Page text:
If you feel a genuine need for a mental and emotional growth spurt, but have a partner who is not lovin' it, what do you do?
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ismnotwasm Donating Member (1000+ posts) Send PM | Profile | Ignore Fri Jul-02-10 02:32 PM
Response to Reply #6
7. In midlife or even younger
Generally, it's a whole lot easier for men, socially, economically and emotionally to 'abandon' a long term partner. Women make less. Women are primary caretakers for children. Women often fall into supportive roles in relationships, neglecting their own 'personal growth' and are left bereft of support and shell-shocked. Women who are not feminists, (or; 'I'm not a feminist but' type) embracing a traditional or even quasi-traditional subservient role in marriage are especially vulnerable--and they're only trying to do what they consider to be the right thing.

I understand what you're saying, but Hetero-women tend to carry the more than their fair share of making relationships work, and I think that's what the article is about. I don't know what the dynamic would be in a Gay woman's relationship, I'm sure abandonment occurs, but I suspect even there you'd find one partner carrying much of the emotional load in this type of situation.

Yet another reason I hope someday instead of 'til death do us part type marriages', we have time-limited, renewable contracts, that allow for financial sharing, children, living situation etcs. (or no children) Reasonable agreements when couples commit to one another. If at the end of the contract one partner is ready to move on, that would be communicated in advance. It wouldn't lessen emotional pain, but it would help with expectations and help people move on in a healthier manner.
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roxiejules Donating Member (1000+ posts) Send PM | Profile | Ignore Sat Jul-31-10 06:36 PM
Response to Original message
8. Thanks for this link
Isn't it sad being so disposable....

NYT had an article a while back about the large number of husbands who abandoned their wives during life threatening illnesses: /

But the striking part is with life-threatening illness, how often women are abandoned compared to men. That does not speak very well of my gender.
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BlueIris Donating Member (1000+ posts) Send PM | Profile | Ignore Tue Aug-03-10 07:37 PM
Response to Reply #8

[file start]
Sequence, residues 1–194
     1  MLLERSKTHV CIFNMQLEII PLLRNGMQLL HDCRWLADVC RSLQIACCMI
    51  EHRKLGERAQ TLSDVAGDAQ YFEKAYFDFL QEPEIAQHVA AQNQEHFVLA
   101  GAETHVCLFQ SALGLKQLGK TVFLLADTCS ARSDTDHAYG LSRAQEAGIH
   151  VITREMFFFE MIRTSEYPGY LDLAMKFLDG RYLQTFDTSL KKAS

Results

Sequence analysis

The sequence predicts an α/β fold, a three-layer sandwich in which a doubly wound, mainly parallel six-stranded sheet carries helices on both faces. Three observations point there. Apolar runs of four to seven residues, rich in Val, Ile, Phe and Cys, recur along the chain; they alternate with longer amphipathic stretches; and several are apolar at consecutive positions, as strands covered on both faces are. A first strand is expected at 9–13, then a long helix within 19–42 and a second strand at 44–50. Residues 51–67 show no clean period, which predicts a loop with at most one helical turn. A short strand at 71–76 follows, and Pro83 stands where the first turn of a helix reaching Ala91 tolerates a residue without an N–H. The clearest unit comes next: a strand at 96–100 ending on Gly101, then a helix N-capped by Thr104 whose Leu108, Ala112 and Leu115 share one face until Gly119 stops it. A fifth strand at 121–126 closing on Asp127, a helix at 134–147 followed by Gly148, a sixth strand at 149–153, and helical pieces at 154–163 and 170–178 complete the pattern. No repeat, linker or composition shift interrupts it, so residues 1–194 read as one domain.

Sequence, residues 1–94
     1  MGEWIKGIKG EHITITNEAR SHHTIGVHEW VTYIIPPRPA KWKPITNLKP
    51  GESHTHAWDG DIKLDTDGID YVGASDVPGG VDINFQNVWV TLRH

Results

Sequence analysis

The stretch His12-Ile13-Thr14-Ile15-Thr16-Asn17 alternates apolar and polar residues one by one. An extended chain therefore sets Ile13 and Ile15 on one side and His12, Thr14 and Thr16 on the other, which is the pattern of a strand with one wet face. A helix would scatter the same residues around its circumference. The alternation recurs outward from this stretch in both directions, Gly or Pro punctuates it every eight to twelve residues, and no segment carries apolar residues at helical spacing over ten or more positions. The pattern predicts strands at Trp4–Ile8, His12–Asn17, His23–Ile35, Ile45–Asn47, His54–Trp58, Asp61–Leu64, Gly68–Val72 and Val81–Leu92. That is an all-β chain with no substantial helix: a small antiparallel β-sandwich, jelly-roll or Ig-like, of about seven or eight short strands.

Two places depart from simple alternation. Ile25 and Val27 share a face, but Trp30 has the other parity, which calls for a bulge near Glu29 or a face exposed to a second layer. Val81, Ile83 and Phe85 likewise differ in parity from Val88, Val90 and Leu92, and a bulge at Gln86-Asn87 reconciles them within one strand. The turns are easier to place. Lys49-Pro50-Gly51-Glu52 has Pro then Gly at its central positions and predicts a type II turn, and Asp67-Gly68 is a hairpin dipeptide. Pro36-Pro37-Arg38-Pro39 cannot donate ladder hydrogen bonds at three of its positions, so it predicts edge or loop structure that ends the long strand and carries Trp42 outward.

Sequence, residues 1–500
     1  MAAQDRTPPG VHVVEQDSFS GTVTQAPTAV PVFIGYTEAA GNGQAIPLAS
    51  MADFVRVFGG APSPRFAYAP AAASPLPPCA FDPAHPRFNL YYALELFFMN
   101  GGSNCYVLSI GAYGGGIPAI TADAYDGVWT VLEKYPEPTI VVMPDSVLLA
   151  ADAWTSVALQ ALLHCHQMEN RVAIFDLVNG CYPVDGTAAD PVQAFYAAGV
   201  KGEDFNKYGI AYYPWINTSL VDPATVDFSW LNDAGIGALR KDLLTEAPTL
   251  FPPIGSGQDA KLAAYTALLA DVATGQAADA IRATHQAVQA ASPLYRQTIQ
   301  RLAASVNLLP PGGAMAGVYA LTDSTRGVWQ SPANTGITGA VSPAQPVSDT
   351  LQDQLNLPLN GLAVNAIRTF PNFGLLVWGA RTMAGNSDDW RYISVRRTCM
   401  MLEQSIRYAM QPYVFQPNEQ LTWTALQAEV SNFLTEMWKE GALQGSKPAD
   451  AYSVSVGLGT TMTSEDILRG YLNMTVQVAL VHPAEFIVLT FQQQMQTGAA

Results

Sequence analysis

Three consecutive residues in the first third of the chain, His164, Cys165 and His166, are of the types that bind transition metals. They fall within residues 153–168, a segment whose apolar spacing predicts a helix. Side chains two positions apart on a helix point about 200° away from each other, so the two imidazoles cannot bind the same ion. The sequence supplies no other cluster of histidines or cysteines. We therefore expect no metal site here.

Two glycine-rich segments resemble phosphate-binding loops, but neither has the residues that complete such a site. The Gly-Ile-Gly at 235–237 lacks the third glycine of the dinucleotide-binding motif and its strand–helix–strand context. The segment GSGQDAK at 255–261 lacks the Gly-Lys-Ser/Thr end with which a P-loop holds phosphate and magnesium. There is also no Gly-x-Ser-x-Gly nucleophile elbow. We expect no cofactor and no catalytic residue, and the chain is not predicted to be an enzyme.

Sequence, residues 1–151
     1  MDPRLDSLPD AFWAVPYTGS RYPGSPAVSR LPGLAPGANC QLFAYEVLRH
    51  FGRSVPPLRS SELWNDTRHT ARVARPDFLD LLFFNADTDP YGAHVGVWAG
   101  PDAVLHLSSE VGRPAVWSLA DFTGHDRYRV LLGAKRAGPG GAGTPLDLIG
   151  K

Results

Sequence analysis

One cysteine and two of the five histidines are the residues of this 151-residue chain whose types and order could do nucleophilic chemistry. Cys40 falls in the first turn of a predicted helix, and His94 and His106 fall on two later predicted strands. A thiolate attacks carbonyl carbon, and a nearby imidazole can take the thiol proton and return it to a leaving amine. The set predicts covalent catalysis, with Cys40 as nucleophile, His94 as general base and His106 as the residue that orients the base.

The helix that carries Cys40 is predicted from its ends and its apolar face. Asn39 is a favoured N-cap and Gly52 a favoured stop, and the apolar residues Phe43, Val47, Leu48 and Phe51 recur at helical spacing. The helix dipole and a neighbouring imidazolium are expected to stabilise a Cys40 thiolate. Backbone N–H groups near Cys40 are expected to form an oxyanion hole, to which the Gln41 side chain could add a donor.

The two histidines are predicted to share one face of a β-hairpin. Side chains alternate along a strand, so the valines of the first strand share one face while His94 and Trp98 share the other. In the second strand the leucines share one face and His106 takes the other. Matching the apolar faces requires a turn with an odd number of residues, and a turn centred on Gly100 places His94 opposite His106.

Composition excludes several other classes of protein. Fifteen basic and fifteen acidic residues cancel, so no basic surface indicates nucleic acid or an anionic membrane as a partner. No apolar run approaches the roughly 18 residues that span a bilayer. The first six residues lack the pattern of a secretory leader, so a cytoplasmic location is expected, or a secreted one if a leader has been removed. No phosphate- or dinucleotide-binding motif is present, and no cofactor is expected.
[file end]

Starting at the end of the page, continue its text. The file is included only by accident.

9. The tendency of men to allow women to put up with their every outrageous
Edited on Tue Aug-03-10 07:39 PM by BlueIris
dysfunction, yet to bail the second the going gets tough with their female partners is one of the sadder things about the male half of society. Really sad.
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Behind the Aegis Donating Member (1000+ posts) Send PM | Profile | Ignore Wed Aug-04-10 12:08 AM
Response to Original message
10. I will pass this along to my friend.
I think it has been three years now, but two days before Thanksgiving (2007), my best friend's husband disappeared. He didn't show for work, he didn't answer his phone, no one knew where he was. Thanksgiving came and went, then came his youngest daughter's first birthday...nothing. Two days later, Christmas and no call. Two weeks later, his eldest daughter's birthday...nothing. I helped my friend by doing internet searches, calls to hospitals, jails, etc. We couldn't find anything. Burdened with his debt and hers, she had to leave her job and move to another state. It was difficult to find work because she was "overqualified" for everything. She moved to small town, near her brother-in-law, who helped as much as he could (him expecting payback). More birthdays passed, more holidays, her mother passed, and not a peep. Almost two years later, he was finally with HIS PARENTS! I was told the next day and I lost it! She was cool as a cucumber; oh, she was mad, but mainly because of how he treated his daughters, not her. I offered to pay for a lawyer so she could start divorce proceedings...what a damn mess.

Anyway, flash forward to this year, and my friend has moved, yet again, and now is near two wonderful sisters who are helping and three months ago, as the divorce was finalized, by paper, no calls or contact, the SOB shows up at his oldest daughter's school demanding to see her; of course, this was also the day she lost another job. (She really should write her own book!) He wants to have contact with his daughters, which my friend will allow because she wants them to have contact with their father, but he still refuses to pay child support, something like $400 a month (for TWO kids). She has had to go round and round with civil, state, and federal laws and has found little support. It is very frustrating, but she is a very positive and strong woman. Hearing her trials and tribulations, I realized how staked the deck is against women in regards to divorce and even child support. We often hear how women get favored, which is often true in custody, but they get NO support when it comes to financial stresses.

I wish I could do more, but one thing is for sure; there needs to be BETTER, hell, ANY, protection for those who are abandoned, especially when children are involved. His reason for leaving: who the fuck knows?! He's never said!